Tag Archives | Teachers

Yoga Meditation: The Proper Way

I’ve not learned yoga meditation directly from a teacher in the past 18 years. Then, Gregor Maehle published his fourth book: Yoga Meditation in 2003.

This is by far my favorite book of his, not only because it is well written and easy-to-understand, but also because I had never found all the information in one place.

Click on the image to get and read the book

I chose the back of the book here to show the “Yantras” (mystical diagrams) shape and colors which are forms we can visualize in the advanced stages of meditation

Vipassana Meditation Drove Me Crazy

I’ve tried Vipassana, and on my first 10-day course I felt like I was going insane. … Read the rest

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My Part in this Mess

It is difficult to glance at the news today, it hurts, and at the same time it’s irresponsible to avoid them.  Yes, it’s troublesome and it throws me off-center.  But it’s happening, and as per Marianne Williamson’s recent talk, pretending to be all spiritual and denying the reality around me, thinking I am beyond because I am on a spiritual path is tone deaf.

From the children still in cages in Texas crying “mami!” or returning to their parents with PTSD or worse, dead, to the desperation I imagine the mothers must be feeling, to an administration that has thrown all decency out the window and threatens countries through Twitter to divert attention from treason, to racial profiling and killing, to the Muslim ban, denying climate change, exploiting all resources for profit, and so on.… Read the rest

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David Keil’s Amazing: “Functional Anatomy Of Yoga” Book Review

I just interviewed David Keil for “The Yoga Podcast’ (launching in January- He will be the guest of the first episode).

To prepare for the podcast, I read very carefully his latest book “Functional Anatomy Of Yoga, A Guide For Practitioners and Teachers.  

And I also watched all his DVDs again.   

That was a LOT of anatomy in one week!

My copy before I filled it with

And I have to tell you it had a PROFOUND effect on me.

For starters, it slowed down my practice, way down, because at every pose I would remember tiny bits of information and go:

 “Ohhh… THAT is what he means“, 

and then move onto, say, “revolved triangle” and go “Ahhh… There is where the thoracic spine gets to twist!” and on and on and on and on….

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YOGA Q&A: Should Any Studio Train Ashtanga Yoga Teachers? Do I Dishonor The Tradition By Going to A Non-Authorized Teacher?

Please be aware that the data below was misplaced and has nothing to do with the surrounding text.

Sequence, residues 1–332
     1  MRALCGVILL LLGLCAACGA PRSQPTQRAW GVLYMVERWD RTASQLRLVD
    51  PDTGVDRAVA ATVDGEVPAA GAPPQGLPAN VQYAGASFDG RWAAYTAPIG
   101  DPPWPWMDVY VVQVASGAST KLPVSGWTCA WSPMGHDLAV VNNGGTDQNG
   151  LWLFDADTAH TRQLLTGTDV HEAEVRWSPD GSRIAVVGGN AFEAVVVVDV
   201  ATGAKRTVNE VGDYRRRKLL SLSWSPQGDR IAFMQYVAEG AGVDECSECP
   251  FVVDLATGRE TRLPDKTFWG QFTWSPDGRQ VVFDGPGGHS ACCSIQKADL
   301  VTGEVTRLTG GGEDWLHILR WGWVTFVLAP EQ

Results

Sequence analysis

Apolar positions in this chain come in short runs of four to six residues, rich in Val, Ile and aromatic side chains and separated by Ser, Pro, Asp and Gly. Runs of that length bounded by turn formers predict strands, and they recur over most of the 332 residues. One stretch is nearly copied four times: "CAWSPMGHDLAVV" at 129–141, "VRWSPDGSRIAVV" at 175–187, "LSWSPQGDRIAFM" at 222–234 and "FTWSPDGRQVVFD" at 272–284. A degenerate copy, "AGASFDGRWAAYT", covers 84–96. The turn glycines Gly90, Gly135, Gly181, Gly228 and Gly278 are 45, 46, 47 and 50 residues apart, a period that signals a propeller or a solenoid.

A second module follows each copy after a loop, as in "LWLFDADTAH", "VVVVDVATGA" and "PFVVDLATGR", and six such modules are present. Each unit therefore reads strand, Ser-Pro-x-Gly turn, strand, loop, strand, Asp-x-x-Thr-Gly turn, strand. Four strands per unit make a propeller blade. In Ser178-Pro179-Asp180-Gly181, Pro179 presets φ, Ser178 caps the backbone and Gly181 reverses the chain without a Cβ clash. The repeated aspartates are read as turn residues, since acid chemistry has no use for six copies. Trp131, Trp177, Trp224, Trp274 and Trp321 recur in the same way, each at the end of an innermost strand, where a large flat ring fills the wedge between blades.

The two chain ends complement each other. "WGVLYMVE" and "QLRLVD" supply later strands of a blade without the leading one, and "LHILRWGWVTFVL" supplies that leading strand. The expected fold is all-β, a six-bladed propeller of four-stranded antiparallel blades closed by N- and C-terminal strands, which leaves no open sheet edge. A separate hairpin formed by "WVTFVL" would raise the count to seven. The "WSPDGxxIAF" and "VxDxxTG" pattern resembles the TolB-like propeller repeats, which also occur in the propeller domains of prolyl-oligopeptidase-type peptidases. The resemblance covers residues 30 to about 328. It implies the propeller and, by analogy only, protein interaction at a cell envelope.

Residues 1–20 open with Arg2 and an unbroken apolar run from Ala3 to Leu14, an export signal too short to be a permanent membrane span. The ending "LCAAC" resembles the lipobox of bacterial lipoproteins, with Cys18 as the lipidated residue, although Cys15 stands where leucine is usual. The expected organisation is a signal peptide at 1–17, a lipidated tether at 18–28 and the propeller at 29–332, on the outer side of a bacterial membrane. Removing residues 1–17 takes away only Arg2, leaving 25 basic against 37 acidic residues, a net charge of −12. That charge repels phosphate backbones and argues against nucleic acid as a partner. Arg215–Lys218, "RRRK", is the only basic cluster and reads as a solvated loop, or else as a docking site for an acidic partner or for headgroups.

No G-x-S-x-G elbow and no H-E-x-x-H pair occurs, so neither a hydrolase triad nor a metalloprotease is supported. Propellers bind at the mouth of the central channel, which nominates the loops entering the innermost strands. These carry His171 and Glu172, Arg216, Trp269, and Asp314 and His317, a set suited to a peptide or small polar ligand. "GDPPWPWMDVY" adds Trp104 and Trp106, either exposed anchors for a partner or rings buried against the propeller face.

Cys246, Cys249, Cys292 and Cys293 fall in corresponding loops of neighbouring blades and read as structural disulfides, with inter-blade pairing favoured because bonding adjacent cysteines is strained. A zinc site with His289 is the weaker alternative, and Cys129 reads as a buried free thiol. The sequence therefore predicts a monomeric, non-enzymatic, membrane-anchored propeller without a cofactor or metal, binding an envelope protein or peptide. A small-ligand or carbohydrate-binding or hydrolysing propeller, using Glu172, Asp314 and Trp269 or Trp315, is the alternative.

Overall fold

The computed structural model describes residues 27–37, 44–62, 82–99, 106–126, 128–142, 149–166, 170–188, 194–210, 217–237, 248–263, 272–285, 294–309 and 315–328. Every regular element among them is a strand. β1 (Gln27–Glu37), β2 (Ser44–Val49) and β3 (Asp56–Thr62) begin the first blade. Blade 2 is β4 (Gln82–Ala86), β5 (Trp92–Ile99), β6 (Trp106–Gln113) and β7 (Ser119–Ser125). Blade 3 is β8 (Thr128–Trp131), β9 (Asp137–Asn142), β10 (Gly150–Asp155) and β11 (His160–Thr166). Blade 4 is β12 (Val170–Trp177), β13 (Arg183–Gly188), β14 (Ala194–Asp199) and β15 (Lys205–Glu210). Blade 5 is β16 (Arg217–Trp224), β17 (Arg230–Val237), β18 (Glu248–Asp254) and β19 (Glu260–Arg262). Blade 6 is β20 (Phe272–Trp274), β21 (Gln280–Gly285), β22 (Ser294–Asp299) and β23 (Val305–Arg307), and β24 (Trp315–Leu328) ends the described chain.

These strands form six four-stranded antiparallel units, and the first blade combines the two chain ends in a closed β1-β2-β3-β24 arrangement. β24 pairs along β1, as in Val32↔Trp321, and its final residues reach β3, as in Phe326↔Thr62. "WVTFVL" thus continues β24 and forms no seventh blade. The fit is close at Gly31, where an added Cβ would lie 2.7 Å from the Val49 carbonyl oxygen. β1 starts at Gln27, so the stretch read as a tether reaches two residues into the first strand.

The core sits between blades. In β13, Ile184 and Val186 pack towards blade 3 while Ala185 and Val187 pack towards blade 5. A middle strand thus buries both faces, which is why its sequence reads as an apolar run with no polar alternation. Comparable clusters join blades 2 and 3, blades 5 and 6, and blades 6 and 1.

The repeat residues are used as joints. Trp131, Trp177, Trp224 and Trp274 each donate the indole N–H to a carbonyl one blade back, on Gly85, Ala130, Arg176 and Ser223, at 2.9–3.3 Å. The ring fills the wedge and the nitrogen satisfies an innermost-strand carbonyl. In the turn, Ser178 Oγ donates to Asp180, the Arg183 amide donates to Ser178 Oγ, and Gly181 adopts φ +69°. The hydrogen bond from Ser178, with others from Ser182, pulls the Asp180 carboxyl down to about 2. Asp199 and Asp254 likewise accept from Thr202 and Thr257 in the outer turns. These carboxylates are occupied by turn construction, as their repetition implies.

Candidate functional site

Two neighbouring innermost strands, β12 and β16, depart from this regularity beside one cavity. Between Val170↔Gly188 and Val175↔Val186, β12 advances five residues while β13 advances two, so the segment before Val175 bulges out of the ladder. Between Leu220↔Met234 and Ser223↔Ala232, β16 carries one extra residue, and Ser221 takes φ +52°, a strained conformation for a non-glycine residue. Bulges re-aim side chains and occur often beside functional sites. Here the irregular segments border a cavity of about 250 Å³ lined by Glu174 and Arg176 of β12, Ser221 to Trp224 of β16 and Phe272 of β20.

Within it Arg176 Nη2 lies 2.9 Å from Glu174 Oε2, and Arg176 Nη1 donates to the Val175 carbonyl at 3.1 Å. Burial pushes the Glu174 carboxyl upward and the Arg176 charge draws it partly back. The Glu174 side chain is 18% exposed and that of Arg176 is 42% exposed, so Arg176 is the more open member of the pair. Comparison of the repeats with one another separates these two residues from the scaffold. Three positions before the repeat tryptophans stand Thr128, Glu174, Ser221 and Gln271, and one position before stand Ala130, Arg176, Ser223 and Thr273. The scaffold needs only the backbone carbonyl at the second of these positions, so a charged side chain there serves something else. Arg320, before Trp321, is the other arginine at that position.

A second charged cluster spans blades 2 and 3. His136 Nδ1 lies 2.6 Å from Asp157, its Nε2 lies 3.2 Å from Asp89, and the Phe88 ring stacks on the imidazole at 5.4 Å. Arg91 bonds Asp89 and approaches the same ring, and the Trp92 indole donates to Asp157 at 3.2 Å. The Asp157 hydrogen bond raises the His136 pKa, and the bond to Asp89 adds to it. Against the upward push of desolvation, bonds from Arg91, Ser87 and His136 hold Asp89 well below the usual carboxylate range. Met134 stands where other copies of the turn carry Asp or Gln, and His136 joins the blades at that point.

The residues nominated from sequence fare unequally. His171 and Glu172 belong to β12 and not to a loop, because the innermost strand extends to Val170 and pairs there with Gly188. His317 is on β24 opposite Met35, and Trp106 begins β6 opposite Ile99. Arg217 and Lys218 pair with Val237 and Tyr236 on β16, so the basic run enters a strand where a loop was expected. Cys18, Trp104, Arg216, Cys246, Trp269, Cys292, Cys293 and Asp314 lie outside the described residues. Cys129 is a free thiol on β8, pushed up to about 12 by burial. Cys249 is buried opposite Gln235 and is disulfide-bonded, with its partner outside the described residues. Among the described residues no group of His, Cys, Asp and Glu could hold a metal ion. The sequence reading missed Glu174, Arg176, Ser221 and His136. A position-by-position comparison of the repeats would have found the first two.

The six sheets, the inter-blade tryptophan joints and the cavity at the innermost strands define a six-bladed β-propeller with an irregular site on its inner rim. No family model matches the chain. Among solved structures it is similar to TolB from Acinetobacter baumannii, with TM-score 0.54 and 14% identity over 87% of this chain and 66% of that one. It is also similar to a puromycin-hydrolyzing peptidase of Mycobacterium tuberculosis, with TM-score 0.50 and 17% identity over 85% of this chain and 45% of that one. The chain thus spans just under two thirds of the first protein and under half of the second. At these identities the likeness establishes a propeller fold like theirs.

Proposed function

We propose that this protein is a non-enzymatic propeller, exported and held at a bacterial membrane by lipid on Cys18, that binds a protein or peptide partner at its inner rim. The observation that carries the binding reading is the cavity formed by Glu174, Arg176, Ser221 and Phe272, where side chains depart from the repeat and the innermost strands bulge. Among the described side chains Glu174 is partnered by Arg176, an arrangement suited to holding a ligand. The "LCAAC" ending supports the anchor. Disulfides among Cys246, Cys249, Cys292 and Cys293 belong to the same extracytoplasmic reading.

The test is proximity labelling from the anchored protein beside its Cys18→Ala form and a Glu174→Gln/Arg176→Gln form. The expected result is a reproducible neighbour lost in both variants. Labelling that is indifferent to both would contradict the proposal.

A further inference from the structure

Terri (I will call her Terri has she asked me to keep her private), suggested I write about two questions she had about Ashtanga Yoga in particular and that originated from a recent Facebook post, done by a studio, in which they announced they would be holding a teacher training on Ashtanga Yoga.  The post sparked some controversy. Here are the two interesting questions from Terri and my answers:

1) Should any studio be training Ashtanga Yoga Teachers? (Other than the Ashtanga Yoga Research Institute in India)?

It depends on how you interpret “Ashtanga”. 

The word Ashtanga means “eight limbs” as was described by that old sage Patanjali in chapter two of  his two-thousand year-old Yoga Sutras, (a book that is like the “bible” of yoga) and it is not propriety of anyone on the planet as far as I know. 

Therefore if we look at it from the perspective of Patanjali, that of teaching the eight limbs of yoga then yes, any studio can teach this, and I would hope that is what most studios are indeed teaching, although I have made it known in this blog how I feel that pranayama and meditation are missing from many a teacher training.

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John Campbell’s Brilliance

I finally had a chance to talk to John -my Ashtanga yoga teacher in NYC- as you all recommended, and regarding my paralyzing lower back pain that happened a few weeks ago.  John asked me to give a chronological account of what exactly happened, I said:

– 2 weeks ago woke up with spasms of back pain which immobilized me.
– Any movement at all sent me into agony
– Stopped practicing
– David Garrigues and Joy recommended I read Mind Over Back Pain.
 I did.
– Realized some emotional conversations had to take place. I had those conversations.

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